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September 30, 2009 in The China Beat


Copyright September 30, 2009 François Lachapelle. Used by permission.


This essay originally appeared on David Ownby’s blog, China at Our Gates, in June. It is reposted in full here with the permission of that site.

2009 is no piece of cake for Chinese officialdom. Having survived the invisible torment of the twentieth anniversary of Tiananmen they turn now to the preparation for the 60th birthday of the People’s Republic. Despite daily high temperatures in the 30s in North China, one wonders if Peking bureaucrats might be suffering from cold sweats.

Certain early indicators indicate that the event is being taken seriously. Visas are being restricted, as they were in the period leading up to the Olympic Games. Several travel agencies have already announced that they will be unable to secure business visas for travellers after mid-September.

China’s 60th birthday will not be a one-day event. In fact, festivities began…on October 1, 2008. So as to encourage patriotism and health among the younger generation, the Ministry of Education decided to add jogging to the curriculum. The goal for the month of April, 2009, was for elementary school children to log 120 kilometers, high school students 180, and university students 240. (The astute mathematician will notice that all these numbers are multiples of 60).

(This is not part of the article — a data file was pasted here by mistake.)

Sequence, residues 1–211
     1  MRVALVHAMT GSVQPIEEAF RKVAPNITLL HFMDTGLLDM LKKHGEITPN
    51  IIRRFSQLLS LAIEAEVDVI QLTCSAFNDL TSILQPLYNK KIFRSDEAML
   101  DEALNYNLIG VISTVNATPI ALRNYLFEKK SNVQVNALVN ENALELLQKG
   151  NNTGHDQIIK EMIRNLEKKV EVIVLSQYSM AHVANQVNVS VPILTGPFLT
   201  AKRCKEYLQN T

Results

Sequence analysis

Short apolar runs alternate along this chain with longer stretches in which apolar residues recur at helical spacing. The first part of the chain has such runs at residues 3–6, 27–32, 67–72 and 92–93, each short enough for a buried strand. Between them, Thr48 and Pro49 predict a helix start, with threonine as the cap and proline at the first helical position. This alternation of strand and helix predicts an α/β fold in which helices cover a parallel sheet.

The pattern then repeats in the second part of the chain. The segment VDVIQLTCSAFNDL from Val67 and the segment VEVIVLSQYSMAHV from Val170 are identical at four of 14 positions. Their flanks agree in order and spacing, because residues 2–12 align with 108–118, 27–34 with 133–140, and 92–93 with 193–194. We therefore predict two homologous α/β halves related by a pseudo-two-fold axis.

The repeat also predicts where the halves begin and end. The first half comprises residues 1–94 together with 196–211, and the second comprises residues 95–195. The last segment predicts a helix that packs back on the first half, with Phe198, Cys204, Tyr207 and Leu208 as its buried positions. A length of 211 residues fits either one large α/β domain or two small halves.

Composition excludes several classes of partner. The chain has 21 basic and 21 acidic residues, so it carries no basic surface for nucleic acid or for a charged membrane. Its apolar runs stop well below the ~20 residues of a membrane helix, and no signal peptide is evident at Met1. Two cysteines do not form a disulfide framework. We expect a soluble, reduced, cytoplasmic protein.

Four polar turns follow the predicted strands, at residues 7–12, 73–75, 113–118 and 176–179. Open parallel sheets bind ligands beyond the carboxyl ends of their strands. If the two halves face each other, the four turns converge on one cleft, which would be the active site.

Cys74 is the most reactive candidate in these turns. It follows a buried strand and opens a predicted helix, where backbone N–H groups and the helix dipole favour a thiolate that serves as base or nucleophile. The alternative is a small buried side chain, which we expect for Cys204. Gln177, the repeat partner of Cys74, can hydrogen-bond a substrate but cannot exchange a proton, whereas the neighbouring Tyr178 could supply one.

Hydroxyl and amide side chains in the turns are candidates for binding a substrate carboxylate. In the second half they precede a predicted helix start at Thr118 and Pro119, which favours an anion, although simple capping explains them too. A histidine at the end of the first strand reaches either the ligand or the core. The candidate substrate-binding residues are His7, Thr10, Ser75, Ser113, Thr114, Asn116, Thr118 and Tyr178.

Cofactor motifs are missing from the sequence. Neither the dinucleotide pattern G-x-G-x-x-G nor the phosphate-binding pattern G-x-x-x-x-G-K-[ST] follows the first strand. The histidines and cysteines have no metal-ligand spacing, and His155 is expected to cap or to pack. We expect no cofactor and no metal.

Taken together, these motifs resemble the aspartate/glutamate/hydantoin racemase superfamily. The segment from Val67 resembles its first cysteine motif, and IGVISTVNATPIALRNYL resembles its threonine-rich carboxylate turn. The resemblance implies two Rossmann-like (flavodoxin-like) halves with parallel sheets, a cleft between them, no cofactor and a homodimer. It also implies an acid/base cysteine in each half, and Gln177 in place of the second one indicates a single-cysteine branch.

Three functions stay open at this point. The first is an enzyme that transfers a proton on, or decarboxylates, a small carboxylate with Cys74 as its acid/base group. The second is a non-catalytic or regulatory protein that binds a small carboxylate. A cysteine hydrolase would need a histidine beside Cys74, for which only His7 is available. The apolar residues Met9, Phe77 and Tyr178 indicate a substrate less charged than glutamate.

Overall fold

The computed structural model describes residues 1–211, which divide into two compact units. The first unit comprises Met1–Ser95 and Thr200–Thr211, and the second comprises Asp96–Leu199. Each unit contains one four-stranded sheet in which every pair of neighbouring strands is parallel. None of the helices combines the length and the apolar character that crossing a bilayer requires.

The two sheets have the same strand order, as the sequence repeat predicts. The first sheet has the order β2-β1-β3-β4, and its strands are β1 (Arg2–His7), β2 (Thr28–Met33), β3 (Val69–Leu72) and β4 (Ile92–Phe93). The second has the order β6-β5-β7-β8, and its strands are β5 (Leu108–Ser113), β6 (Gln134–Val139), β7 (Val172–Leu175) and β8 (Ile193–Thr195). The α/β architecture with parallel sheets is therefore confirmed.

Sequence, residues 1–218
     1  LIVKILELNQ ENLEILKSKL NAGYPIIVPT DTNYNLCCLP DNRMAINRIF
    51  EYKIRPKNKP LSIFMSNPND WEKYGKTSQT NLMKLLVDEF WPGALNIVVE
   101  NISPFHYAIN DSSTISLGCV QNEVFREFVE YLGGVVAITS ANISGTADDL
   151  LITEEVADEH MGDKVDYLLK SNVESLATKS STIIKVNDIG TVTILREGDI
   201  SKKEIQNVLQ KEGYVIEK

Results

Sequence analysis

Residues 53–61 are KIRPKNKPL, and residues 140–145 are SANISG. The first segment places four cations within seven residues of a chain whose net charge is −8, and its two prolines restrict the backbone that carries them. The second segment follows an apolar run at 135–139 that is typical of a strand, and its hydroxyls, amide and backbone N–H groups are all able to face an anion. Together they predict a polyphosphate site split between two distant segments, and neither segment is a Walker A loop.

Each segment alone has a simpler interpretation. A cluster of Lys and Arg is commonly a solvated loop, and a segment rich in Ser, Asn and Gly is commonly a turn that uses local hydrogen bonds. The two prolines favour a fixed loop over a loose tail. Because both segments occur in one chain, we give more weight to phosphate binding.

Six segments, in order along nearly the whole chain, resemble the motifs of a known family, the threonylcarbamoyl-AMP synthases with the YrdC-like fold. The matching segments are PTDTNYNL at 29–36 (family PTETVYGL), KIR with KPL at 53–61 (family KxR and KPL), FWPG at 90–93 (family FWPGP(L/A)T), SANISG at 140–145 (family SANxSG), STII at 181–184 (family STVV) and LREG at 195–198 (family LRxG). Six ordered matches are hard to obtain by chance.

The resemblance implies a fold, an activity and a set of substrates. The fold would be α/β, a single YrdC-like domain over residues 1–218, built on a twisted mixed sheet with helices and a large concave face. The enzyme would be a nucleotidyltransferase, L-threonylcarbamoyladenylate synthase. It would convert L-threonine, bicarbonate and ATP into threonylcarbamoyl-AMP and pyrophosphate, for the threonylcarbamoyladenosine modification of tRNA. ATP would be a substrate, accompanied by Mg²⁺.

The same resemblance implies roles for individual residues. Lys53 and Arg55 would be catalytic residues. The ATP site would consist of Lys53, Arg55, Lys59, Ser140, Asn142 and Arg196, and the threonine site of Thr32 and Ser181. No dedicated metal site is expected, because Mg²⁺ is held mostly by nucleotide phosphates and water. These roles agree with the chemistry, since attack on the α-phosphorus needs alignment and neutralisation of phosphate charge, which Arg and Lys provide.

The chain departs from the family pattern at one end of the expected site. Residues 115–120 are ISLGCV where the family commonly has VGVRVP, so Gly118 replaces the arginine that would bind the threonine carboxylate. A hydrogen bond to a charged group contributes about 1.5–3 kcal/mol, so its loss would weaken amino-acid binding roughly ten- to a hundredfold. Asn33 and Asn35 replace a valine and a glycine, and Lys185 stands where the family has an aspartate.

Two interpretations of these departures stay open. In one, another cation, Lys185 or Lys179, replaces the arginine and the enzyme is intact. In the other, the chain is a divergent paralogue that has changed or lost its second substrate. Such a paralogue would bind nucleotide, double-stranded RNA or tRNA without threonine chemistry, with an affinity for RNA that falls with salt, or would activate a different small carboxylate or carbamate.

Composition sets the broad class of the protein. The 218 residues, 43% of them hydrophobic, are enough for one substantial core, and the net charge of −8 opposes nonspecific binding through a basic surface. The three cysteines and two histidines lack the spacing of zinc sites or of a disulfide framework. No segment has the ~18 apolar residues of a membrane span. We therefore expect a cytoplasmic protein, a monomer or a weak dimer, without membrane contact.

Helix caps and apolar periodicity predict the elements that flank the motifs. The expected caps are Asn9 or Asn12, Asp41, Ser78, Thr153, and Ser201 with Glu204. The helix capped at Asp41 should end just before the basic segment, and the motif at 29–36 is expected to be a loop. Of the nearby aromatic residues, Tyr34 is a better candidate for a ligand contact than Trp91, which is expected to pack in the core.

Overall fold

If the Beijing Olympics were meant to showcase China’s modernization and the quality of Chinese athletes, and Expo Shanghai 2010 the glowing future of the young dynasty, the first parade of the Chinese military in the 21st century will serve to put China’s military power on display. For Fang Fenghui, Commander of the military region of Peking and Deputy of the 11th People’s Congress, “the appearance of new military hardware will be one of the highlights of the military parade.” This 14th parade will be particularly important in that the Chinese contribution to the first parade in 1949 was limited to horses, while in 2009, again according to Fang Fenghui, “there will be a great deal of equipment of Chinese manufacture, of impressive quality, to be seen during the parade.”

What is the interest of this 60th birthday for those who will not be in China in the coming months to witness the ballet performances of the Red Guards, or for those who are not fascinated by military matters, straight lines, and squeaky clean uniforms? For one thing, an ostentatious display of Chinese military power is an excellent occasion to take the pulse of the American political elite and to see how many of them remain enamored of the theory of the “yellow peril.”